Though there was no official truce, roughly 100,000 British and German troops were involved in unofficial cessations of fighting along the length of the Western Front during Christmas of 1914.
In the early months of static trench warfare during World War I, opposing infantry units in close proximity to each other often developed an attitude of “live and let live.” In some cases, overtly aggressive behavior ceased and troops participated in small-scale fraternization, engaging in conversation or bartering for cigarettes.
Through the week leading up to Christmas 1914, this behavior became even more widespread. On Christmas Eve, German troops began decorating their trenches with candles and putting up Christmas trees, and when the German troops began singing Christmas carols, the British responded by singing carols of their own. The two sides continued by shouting Christmas greetings back and forth between the lines and in many sectors the two sides agreed to and an unofficial truce.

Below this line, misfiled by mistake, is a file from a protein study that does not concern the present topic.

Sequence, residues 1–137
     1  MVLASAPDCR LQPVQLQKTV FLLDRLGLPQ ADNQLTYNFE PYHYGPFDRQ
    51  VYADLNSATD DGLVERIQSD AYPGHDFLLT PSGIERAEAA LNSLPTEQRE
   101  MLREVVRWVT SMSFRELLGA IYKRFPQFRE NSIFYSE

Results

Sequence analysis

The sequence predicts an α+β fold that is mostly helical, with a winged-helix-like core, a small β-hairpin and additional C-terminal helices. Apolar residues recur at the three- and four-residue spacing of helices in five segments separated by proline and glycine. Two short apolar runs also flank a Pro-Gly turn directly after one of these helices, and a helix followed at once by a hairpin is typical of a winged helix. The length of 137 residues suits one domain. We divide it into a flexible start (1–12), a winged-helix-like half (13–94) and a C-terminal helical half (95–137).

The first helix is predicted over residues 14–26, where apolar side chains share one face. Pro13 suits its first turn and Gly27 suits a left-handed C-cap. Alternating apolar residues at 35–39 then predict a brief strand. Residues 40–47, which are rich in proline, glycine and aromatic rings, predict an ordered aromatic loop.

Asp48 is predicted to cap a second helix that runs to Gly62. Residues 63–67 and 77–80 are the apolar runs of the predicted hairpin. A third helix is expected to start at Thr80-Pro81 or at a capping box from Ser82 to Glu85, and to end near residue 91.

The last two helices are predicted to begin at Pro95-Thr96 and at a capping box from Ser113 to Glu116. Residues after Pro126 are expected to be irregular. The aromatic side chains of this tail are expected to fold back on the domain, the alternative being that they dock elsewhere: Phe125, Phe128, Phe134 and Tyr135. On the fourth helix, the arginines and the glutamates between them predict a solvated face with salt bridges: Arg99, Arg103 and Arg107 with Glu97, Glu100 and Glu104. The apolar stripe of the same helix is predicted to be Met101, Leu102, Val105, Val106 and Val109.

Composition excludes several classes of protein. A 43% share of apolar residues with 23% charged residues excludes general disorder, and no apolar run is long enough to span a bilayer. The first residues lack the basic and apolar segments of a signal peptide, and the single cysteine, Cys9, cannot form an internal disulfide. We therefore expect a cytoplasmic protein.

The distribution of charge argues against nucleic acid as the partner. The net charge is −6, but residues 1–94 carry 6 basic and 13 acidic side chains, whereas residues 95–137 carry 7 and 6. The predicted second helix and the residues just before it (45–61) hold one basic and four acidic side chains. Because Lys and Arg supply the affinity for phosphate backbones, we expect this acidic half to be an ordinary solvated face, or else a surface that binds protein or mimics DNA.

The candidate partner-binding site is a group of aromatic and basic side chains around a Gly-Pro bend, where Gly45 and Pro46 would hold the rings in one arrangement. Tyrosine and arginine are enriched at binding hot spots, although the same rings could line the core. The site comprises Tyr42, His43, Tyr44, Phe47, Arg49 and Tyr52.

On Christmas Day, many soldiers from trenches on both sides independently ventured into “no man’s land,” where they mingled and exchanged small gifts such as food, tobacco and alcohol. The truce also allowed a breathing spell where recently killed soldiers could be brought back behind their lines by burial parties and in some cases joint services were held
Troops from both sides were also friendly enough to play games of football with one another. First-hand accounts of these “friendly games” are recorded by several units including the Rifle Brigade, the Argyll and Sutherland Highlanders, the Royal Field Artillery and The Lancashire Fusiliers.